Moreover, the record fails to show that FNB Southeast had constructive notice or knowledge of the trustee's breach of the trust agreement. “At common law a person who deals with another whom he knows to be a trustee is put upon inquiry as to the extent of the trustee's powers and charged with knowledge of the factswhich a reasonable investigation would disclose. . . . The third party must examine the trust instrument and look to other sources of information in order to satisfy himself that the trustee has authority to enter into the transaction which he is seeking to consummate.” Kaplan v. First Union Nat'l. Bank, 99 N.C. App. 570, 573 393 S.E.2d 344, 346 (1990).
    In this case, FNB Southeast requested and reviewed the trust agreement, three 1999 and 2000 trust financial statements, and received an opinion letter from Haynsworth Baldwin Johnson and Greaves, L.L.C., legal counsel to the trustee, which stated “the guaranty documents and the performance by guarantor of his obligations thereunder do not conflict with or result in a violation of the trust agreement pursuant to which the trust was established and is governed . . . [and that] no registration with, consent or approval of, or other action by any federal, state, or local governmental authority or regulatory body is required for the execution, delivery, or performance by guarantor of the guaranty documents or any other documents delivered to lender in connection with the lien.” Thus, the record indicates FNB Southeast conducted a reasonable investigation into the trust's authority to enter into the substitution of collateral agreement prior to approving the substitution agreement. Accordingly, we uphold the trial court's grant of summary judgment in favor of FNB Southeast.
    [3] Finally, Keefer Trust contends the trial court erroneously awarded FNB Southeast's attorneys fees relating to this action because a guaranty agreement does not constitute evidence of indebtedness under N.C. Gen. Stat. § 6-21.2 which provides inpertinent part that:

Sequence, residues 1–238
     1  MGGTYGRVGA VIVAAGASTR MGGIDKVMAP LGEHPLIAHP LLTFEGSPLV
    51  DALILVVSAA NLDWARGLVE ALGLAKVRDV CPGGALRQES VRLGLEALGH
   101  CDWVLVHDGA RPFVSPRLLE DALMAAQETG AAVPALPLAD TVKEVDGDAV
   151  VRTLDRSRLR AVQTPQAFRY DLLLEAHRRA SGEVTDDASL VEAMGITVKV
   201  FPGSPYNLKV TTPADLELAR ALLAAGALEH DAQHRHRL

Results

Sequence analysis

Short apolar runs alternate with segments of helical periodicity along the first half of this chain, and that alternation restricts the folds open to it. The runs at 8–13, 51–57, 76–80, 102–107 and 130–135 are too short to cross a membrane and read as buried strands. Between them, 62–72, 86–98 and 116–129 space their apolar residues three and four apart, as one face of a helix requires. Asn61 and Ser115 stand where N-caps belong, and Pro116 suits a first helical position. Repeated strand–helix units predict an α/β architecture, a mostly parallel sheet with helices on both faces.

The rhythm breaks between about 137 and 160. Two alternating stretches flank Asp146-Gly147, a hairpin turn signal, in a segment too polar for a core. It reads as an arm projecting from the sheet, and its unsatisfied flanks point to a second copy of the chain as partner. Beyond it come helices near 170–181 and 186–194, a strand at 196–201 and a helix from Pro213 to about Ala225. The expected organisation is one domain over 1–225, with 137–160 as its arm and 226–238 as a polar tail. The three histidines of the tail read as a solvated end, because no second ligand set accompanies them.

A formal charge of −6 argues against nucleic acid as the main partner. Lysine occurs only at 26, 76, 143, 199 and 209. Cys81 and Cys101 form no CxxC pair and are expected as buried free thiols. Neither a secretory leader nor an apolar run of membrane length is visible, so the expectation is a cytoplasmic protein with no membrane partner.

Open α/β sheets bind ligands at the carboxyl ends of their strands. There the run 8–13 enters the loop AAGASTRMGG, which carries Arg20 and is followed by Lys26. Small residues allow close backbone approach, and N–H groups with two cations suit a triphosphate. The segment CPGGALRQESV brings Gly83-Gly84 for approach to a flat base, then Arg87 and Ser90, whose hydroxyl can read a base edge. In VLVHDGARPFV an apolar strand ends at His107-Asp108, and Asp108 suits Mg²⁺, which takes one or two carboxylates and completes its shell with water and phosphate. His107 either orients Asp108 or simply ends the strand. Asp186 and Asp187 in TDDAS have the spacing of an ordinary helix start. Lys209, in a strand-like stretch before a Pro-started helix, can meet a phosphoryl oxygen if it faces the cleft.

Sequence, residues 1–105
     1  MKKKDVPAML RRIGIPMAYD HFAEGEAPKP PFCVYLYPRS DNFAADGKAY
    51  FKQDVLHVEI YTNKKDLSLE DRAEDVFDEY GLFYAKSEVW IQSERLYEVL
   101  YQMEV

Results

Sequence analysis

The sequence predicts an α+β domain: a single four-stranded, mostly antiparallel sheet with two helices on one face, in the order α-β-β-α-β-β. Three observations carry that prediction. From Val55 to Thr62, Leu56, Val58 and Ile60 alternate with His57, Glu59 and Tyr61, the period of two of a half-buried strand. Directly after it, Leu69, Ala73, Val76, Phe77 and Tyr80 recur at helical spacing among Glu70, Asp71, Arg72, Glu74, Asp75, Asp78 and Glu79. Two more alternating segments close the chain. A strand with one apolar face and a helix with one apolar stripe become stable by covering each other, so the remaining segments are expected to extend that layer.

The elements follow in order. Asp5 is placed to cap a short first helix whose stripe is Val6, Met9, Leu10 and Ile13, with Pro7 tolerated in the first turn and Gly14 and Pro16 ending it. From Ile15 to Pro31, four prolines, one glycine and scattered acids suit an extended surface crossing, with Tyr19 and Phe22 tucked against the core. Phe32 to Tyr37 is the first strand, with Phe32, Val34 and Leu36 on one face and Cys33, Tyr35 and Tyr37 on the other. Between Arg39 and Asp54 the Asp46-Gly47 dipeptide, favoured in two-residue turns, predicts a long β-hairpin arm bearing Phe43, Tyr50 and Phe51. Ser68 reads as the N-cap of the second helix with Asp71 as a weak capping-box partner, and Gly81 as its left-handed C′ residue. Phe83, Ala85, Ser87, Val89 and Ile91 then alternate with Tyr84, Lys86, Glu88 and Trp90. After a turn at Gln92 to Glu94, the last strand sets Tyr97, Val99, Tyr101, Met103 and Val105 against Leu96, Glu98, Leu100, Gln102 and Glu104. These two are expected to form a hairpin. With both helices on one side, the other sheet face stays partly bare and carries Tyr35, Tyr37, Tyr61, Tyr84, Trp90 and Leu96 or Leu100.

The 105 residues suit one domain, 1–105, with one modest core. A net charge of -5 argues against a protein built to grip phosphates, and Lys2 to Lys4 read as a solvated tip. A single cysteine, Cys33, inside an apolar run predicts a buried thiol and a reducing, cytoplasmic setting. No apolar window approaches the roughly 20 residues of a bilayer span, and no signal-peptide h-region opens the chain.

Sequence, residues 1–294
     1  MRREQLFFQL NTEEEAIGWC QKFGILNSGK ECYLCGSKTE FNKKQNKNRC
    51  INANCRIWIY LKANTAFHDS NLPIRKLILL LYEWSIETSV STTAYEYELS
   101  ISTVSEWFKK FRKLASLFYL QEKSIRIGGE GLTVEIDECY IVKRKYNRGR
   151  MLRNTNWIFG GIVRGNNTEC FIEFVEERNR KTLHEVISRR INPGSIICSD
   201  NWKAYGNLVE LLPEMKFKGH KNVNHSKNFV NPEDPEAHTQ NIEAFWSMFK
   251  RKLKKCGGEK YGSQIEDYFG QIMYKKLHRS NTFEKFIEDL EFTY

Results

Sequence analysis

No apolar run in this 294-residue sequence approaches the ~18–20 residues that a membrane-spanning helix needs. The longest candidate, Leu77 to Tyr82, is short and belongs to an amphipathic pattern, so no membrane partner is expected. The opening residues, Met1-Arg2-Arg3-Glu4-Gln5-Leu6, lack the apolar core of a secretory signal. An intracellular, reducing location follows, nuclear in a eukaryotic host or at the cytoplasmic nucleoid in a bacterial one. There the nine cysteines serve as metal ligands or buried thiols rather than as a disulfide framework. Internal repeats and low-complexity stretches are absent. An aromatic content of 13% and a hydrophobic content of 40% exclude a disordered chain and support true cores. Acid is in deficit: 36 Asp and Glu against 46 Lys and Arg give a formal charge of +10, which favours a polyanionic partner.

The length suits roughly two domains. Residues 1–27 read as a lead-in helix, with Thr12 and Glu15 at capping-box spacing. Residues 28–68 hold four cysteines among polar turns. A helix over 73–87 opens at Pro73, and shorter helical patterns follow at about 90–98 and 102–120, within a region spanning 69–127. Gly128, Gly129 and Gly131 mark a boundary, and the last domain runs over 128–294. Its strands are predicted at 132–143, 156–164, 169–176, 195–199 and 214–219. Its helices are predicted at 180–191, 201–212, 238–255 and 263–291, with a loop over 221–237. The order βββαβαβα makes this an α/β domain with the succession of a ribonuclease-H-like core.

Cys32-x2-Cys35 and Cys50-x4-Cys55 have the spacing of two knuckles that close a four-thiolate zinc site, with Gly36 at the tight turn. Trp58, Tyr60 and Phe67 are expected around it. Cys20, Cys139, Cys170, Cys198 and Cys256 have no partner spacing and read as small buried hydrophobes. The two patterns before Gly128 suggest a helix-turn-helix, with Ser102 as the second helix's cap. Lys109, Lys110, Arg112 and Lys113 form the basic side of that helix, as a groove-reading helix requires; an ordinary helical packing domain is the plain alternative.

Obligations to pay attorneys' fees upon any note, conditional sale contract or other evidence of indebtedness, in addition to the legal rate of interest or finance charges specified therein, shall be valid and enforceable, and collectible as part of such debt, if such note, contract or other evidence of indebtedness be collected by or through an attorney at law after maturity, subject to the following provisions...

        (2) If such note, conditional sale contract or other evidence of indebtedness provides for the payment of reasonable attorneys' fees by the debtor, without specifying any specific percentage, such provision shall be construed to mean fifteen percent (15%) of the outstanding balance owing on said note, contract or other evidence of indebtedness.

The guaranty in this case was written, signed by the trustee, and, in the event of Apparel Sales and Printing's default, was a legally enforceable obligation to pay money, and therefore, constituted evidence of indebtedness. See Stillwell Enterprises v. Interstate Equip. Co., 300 N.C. 286, 294, 266 S.E.2d 812, 817 (1980)(holding the term “evidence of indebtedness as used in G.S. 6-21.2 has reference to any printed or written instrument, signed or otherwise executed by the obligor(s), which evidences on its face a legally enforceable obligation to pay money). Thus, we conclude that the guaranty agreement in this case constituted evidence of indebtedness under N.C. Gen. Stat. § 6-21.2. We, therefore, uphold the trial court's decision to award attorneys fees in this case.
    Affirmed.
    Judges HUDSON and CALABRIA concur.


Footnote: 1
     In this matter, we refer to defendant as “Keefer Trust”.
Footnote: 2
        Default judgment was entered against John B. Lane, former trustee of the Keefer Trust, on 18 March 2002. He is not a party to this appeal.
Footnote: 3
    “Summary judgment is appropriate only if the pleadings, depositions, answers to interrogatories, and admissions on file, together with the affidavits, if any, show that there is no genuine issue as to any material fact and that any party is entitled to a judgment as a matter of law.” Martin Architectural Prods. v. Meridian Constr. Co., 155 N.C. App. 176, ____, 574 S.E.2d 189, 191 (2002). “An issue is material if the facts alleged would constitute a legal defense, or would affect the result of the action, or if its resolution would prevent the party against whom it is resolved from prevailing in the action.” Koontz v. Winston- Salem, 280 N.C. 513, 518, 186 S.E.2d 897, 901 (1972). “An issue is genuine if it can be proven by substantial evidence.” Lowe v. Bradford, 305 N.C. 366, 369, 289 S.E.2d 363, 366 (1982). “The movant has the burden of showing that summary judgment is appropriate. Furthermore, in considering summary judgment motions, we review the record in the light most favorable to the nonmovant.” Hayes v. Turner, 98 N.C. App. 451, 456, 391 S.E.2d 513, 516 (1990). “If the moving party satisfies its burden of proof, then the burden shifts to the non-moving party to set forth specific facts showing that there is a genuine issue for trial. The nonmoving party may not rest upon the mere allegations of his pleadings.” Lowe v. Bradford, 305 N.C. 366, 369-70, 289 S.E.2d 363, 366 (1982).